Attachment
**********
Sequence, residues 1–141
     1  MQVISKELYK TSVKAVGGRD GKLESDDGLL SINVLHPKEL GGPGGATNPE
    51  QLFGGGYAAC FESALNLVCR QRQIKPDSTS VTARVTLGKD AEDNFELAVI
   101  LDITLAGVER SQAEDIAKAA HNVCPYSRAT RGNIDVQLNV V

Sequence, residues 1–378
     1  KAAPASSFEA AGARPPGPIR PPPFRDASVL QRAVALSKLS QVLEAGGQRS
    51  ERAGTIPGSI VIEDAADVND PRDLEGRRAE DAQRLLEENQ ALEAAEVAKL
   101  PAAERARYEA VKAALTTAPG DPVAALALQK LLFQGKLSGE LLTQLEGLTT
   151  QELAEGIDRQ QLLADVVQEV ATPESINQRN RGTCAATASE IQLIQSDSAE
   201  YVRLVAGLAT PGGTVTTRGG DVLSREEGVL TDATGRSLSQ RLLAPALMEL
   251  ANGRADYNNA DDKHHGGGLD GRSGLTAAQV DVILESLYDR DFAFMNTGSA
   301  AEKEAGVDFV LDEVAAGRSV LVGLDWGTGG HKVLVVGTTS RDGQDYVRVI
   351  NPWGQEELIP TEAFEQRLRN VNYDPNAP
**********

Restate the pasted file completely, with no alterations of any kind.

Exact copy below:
Sequence, residues 1–141
     1  MQVISKELYK TSVKAVGGRD GKLESDDGLL SINVLHPKEL GGPGGATNPE
    51  QLFGGGYAAC FESALNLVCR QRQIKPDSTS VTARVTLGKD AEDNFELAVI
   101  LDITLAGVER SQAEDIAKAA HNVCPYSRAT RGNIDVQLNV V

Sequence, residues 1–378
     1  KAAPASSFEA AGARPPGPIR PPPFRDASVL QRAVALSKLS QVLEAGGQRS
    51  ERAGTIPGSI VIEDAADVND PRDLEGRRAE DAQRLLEENQ ALEAAEVAKL
   101  PAAERARYEA VKAALTTAPG DPVAALALQK LLFQGKLSGE LLTQLEGLTT
   151  QELAEGIDRQ QLLADVVQEV ATPESINQRN RGTCAATASE IQLIQSDSAE
   201  YVRLVAGLAT PGGTVTTRGG DVLSREEGVL TDATGRSLSQ RLLAPALMEL
   251  ANGRADYNNA DDKHHGGGLD GRSGLTAAQV DVILESLYDR DFAFMNTGSA
   301  AEKEAGVDFV LDEVAAGRSV LVGLDWGTGG HKVLVVGTTS RDGQDYVRVI
   351  NPWGQEELIP TEAFEQRLRN VNYDPNAP